It is based on tweets, so is not aiming to provide a comprehensive overview of the sessions reported – more to give readers a flavour of some of the discussions, and links to resources mentioned.
A call for politicians and retirees to volunteer their services
Palliative care specialist Professor Ian Maddocks suggested that politicians and the wider community should develop some first-hand experience of the complexities and challenges of end-of-life care.
On a related theme, this DVD featuring the experience of carers, No Greater Gift, was also profiled at the conference.
Ita Buttrose spoke about the Alzheimer’s Australia Fight Dementia campaign
Improving end of life care
Dr Adrian Hopper, Associate Medical Director for Patient Safety at Guy’s and St Thomas’ Foundation Trust, spoke about the AMBER care bundle, which provides a systematic approach to manage the care of hospital patients who are facing an uncertain recovery and who are at risk of dying in the next one to two months.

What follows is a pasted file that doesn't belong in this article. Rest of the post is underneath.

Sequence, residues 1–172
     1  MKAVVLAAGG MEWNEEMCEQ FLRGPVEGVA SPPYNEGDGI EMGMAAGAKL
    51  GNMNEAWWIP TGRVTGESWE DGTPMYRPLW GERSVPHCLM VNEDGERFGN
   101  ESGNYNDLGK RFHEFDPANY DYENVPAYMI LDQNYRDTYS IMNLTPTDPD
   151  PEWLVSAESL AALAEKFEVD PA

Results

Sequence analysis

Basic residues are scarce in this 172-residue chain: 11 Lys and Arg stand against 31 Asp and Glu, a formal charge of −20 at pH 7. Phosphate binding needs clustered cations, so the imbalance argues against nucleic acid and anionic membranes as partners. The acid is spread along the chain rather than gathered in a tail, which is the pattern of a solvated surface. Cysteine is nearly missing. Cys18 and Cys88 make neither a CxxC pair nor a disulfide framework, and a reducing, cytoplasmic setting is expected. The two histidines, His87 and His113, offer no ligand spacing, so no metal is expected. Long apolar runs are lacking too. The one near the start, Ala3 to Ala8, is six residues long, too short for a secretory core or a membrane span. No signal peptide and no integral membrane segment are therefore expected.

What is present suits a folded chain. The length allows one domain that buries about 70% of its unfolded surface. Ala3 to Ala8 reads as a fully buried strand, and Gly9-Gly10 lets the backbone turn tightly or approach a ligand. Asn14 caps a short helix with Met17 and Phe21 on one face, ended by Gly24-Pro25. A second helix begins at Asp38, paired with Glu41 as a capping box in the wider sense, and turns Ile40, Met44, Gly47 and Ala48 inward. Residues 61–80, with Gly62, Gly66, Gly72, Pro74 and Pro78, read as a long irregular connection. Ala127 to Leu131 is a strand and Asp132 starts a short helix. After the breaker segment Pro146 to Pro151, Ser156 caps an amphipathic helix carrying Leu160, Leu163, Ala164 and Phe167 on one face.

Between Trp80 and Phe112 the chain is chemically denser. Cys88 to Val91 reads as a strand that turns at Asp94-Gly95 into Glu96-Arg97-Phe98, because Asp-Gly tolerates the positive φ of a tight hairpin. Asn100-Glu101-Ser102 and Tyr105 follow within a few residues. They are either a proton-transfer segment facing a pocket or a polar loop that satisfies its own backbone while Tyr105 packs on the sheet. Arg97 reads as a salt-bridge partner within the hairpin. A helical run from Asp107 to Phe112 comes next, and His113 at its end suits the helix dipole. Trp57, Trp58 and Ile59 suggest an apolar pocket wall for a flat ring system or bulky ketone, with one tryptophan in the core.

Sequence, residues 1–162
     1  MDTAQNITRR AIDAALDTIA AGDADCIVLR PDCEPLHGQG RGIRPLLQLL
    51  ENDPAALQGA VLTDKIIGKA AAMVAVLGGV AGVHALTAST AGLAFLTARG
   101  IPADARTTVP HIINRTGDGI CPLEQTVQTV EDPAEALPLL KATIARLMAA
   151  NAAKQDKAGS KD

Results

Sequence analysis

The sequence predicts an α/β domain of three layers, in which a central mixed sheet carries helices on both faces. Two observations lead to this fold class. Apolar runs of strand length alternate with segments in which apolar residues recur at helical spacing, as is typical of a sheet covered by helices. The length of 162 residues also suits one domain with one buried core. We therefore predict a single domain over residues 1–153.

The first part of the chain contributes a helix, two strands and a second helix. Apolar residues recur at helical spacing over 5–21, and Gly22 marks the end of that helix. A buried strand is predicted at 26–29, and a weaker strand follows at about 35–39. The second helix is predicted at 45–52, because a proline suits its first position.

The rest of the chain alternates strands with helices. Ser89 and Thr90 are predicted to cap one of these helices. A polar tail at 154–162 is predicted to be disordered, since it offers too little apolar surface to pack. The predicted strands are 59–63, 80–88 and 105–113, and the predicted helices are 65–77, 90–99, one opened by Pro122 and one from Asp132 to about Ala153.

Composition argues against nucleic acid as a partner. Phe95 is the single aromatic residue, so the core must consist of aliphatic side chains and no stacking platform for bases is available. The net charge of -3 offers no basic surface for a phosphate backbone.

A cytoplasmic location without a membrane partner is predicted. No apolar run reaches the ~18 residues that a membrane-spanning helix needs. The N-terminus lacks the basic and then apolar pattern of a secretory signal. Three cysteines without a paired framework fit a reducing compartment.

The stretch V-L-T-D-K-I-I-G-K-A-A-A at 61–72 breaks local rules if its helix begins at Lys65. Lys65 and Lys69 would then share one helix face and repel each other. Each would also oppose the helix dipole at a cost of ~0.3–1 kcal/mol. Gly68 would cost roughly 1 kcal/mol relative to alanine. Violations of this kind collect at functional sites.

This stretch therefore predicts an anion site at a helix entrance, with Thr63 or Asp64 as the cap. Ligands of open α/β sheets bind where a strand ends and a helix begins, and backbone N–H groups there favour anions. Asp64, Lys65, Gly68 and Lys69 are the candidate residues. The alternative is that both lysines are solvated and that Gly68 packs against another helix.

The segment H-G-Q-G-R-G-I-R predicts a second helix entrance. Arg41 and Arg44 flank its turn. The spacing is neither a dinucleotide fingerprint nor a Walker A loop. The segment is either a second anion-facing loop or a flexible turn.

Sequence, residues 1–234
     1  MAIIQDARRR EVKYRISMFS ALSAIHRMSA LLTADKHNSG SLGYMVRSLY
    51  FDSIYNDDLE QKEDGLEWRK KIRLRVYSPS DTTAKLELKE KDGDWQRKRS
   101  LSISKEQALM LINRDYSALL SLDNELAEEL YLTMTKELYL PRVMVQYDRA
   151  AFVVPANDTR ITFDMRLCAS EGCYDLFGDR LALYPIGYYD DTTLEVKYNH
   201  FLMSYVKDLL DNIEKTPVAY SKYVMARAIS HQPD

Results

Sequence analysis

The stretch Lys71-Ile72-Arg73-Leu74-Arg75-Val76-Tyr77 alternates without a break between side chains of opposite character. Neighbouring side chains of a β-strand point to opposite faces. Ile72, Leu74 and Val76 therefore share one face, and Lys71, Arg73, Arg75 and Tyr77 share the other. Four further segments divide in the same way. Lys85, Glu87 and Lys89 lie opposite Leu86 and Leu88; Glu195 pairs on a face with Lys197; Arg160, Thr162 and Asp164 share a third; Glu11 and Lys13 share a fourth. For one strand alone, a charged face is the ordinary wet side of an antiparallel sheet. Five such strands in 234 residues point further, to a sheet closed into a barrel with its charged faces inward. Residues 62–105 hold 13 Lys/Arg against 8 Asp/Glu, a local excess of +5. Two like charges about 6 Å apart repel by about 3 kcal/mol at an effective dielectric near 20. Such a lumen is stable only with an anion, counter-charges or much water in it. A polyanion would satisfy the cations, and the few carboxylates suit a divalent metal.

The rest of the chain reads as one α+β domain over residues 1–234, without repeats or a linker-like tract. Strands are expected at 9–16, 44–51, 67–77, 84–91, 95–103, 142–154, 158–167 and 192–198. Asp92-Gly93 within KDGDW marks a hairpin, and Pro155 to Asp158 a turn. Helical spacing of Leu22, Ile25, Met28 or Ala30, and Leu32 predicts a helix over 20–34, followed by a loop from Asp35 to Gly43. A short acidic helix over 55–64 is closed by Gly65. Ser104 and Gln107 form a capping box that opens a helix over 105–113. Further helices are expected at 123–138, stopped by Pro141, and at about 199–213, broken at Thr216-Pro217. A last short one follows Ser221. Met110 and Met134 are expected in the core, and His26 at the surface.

It is an intervention that can fit within any care pathway or diagnostic group for patients whose recovery is uncertain.
The final session asked a panel of experts: what’s the one thing you would change to make sure palliative care becomes everyone’s business?
Share your stories
Ross Murray from the Australian edition of the online publication ehospice is keen to hear story ideas.
Amid a busy conference schedule, there was time for creativity and care
And also thanks to Dr Yvonne Luxford and her colleagues at Palliative Care Australia for enlisting the Croakey Conference Reporting Service, and to all the conference tweeters who helped share the news.